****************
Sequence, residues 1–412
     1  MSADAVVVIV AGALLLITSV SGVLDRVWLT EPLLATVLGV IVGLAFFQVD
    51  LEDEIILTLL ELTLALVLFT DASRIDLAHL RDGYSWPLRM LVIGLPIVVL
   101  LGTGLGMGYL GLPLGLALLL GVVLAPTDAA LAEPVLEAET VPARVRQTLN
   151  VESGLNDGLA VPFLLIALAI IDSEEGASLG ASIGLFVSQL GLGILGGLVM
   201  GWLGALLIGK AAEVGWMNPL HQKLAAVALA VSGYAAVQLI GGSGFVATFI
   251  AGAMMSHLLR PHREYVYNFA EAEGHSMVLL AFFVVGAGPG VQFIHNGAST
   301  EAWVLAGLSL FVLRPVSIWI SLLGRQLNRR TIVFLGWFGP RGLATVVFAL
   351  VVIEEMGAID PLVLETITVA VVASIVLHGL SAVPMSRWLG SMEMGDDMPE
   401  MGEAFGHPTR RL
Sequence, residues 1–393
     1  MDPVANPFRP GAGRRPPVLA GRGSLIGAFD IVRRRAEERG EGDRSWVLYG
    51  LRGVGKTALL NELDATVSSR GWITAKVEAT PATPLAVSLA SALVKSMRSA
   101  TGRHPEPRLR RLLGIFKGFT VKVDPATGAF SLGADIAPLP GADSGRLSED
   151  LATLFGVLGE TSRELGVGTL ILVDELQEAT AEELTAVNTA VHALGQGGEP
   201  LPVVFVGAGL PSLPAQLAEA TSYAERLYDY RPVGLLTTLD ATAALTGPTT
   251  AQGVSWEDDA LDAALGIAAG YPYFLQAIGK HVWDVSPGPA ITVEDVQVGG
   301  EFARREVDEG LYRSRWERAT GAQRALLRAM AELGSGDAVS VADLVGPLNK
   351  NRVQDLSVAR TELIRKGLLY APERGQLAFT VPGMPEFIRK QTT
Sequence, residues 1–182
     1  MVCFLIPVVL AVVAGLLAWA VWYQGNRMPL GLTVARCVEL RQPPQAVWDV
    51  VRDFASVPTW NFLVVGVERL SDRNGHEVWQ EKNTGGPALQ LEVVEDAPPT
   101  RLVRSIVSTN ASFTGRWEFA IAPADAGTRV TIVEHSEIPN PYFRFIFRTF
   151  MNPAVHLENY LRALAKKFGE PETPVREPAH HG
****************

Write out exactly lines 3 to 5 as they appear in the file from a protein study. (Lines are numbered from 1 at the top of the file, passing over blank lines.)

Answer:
    51  LEDEIILTLL ELTLALVLFT DASRIDLAHL RDGYSWPLRM LVIGLPIVVL
   101  LGTGLGMGYL GLPLGLALLL GVVLAPTDAA LAEPVLEAET VPARVRQTLN
   151  VESGLNDGLA VPFLLIALAI IDSEEGASLG ASIGLFVSQL GLGILGGLVM